Gang applying pressure to relatives in order to secure ransom
Information reaching Somalia Report late Wednesday suggests that Somali pirates have moved the 23 hostages of the the Malaysian-flagged container ship, MV ALBEDO, to land.
The pirate gang holding the hijacked Malaysian tanker, the MV Albedo, have taken the crew from the ship and are now holding them on land. Pirate sources close to the gang in Handulle told Somalia Report that Guushaye, the pirate’s leader and his gang landed the crew late yesterday.
“Since the negotiation to release the vessel failed at the end of May, the group were taking more steps. They landed more goods from the vessel and late on Wednesday they landed the crew and right now they are holding the crew on land,” Mukhtaar Carab, a pirate based in Handulle, told Somalia Report on Thursday.
Other pirate sources in Handulle contacted by Somalia Report confirmed that Guushaye had indeed brought the crew ashore. They stated that the pirates became angry after the ransom was not paid on time. “This group are aware that the relatives are paying only to ransom the crew, but the owner are not ready to pay money for the vessel, so they (pirates) need to pressure the relatives in to paying the ransom quickly. That is why they landed the crew,” another pirate from Handulle told Somalia Report.
Guushaye and his group have landed several more tonnes of cargo from the MV Albedo, thought to be mainly building materials. “After the negotiations failed, they landed more goods from the vessel. These goods are mostly building materials and have been transferred to Mogadishu and Galka’ayo for sale,” another pirate in Handulle informed us.
Other sources in the area added that the pirates took the crew to a forest area in Eastern Handulle, near the Camaara area, which is around 100km east of Handulle itself, and that the crew is being held by “dozens” of armed men from Guushaye’s gang.
MV ALBEDO, IMO number 9041162 and built in 1993 with a dry weight of 15566 t, is owned by Malaysia-based Enrich Shipping, and was attacked by pirates on November 26, 2010 while underway from Mombasa to Jebel Ali, 293 miles west of the Maldives on the Indian Ocean.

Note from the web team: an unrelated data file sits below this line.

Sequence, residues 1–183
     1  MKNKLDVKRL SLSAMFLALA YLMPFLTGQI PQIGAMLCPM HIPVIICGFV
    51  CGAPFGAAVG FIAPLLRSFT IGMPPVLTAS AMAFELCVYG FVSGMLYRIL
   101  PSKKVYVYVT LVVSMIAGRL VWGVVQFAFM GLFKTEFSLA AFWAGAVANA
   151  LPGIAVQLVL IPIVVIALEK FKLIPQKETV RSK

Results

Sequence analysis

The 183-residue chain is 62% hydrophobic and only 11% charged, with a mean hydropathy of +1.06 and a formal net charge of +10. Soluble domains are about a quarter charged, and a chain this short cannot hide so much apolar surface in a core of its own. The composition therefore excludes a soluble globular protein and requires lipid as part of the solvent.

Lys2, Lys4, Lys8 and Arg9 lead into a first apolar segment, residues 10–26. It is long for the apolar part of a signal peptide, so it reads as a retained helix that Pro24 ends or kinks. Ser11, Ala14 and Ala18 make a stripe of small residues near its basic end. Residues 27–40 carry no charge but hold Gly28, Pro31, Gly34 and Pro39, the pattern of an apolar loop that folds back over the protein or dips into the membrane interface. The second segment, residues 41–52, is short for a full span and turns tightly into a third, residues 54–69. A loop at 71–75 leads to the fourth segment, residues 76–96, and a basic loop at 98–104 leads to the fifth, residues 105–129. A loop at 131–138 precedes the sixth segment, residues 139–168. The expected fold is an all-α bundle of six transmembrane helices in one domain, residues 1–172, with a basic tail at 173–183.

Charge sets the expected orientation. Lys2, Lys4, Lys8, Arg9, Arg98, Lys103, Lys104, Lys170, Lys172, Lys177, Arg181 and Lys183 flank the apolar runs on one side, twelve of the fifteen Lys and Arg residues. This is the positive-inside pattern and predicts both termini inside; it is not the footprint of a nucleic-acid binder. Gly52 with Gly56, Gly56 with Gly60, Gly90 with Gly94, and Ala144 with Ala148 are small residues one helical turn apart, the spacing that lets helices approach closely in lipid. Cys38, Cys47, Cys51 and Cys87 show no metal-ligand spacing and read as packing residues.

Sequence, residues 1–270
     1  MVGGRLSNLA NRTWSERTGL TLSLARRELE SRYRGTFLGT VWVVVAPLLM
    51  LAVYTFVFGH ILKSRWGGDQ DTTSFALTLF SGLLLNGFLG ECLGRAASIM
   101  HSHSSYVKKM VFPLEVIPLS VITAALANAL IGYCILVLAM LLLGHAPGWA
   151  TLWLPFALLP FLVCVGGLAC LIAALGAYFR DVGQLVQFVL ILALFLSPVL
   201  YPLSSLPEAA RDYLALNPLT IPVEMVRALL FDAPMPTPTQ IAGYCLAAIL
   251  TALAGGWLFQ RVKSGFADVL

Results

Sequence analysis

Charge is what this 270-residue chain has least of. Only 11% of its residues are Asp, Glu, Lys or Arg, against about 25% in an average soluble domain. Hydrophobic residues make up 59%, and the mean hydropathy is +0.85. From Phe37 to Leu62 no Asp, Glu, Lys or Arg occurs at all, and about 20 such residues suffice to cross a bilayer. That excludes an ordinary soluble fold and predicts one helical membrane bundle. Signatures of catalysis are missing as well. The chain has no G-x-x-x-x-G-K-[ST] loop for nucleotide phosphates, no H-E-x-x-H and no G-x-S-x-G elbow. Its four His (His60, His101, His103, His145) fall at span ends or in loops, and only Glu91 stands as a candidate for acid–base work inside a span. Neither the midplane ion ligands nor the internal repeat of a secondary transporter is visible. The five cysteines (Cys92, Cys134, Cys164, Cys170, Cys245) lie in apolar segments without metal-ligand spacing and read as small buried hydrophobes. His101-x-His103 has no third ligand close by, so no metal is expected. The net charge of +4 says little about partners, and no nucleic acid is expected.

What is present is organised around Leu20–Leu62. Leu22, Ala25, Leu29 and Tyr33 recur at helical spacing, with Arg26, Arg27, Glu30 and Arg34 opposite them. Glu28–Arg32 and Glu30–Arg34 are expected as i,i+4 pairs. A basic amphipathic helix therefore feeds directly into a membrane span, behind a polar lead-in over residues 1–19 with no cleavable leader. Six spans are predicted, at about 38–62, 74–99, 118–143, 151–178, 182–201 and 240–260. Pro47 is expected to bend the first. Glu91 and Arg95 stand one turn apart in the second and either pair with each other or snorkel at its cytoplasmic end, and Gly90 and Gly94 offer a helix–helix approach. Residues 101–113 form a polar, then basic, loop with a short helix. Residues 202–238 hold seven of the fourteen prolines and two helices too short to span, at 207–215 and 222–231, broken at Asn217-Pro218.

Confusion Over Ransom
The vessel has been the subject of numerous false ransom stories in recent months.
The 23 crew members are comprised of Bangladeshi, Iranian, Pakistani and Sri Lankan nationals and there have been several campaigns in recent months in Pakistan petitioning for their release. After increased pressure on the Pakistani government, Pakistani businessman and chairman of Bahria, Malik Riaz, announced that he would be topping up the ransom fund in order to release the vessel and its crew. After an initial ransom demand of $8 million, which the owners were unable to pay, the hijackers reduced the ransom to $2.85 million.
Sources told Somalia Report pirates holding the vessel are pushing heavily for a ransom of $5.5 million and are in fear of anti-piracy operations. Isse Yulux, pirate leader, decided to release the vessel after capturing a second ship, the UAE-owned, chemical products tanker, MT Royal Grace, hijacked on March 2nd of this year. Due to financial pressures, the ransom was set at $5.5 million, but his fellow pirates rejected that sum, blaming Yulux for the break in negotiations. Meanwhile, another source close to the pirates claims that they are threatening the hostages in order to speed up the delivery of the agreed ransom.
In July 2011, the Malaysian owners told Somalia Report that negotiations to release the vessel had halted, due to the company’s inability to raise the $3.4 million ransom demanded by pirates at the time. Captain Ismail Mohammad stated that the company had even been forced to lay off some employees due to the economic situation the shipping industry was in. “We are currently operating with a skeleton staff,” he told Somalia Report.
In May of this year, pirates claimed a ransom deal had been reached and the ship would be released but that proved to be false.
Somalia Report will continue to monitor the situation.
This article was posted by Neptune Maritime Security with the kind permission of SomaliaReport.com. MaritimeSecurity.Asia in cooperation with www.neptunemaritimesecurity.com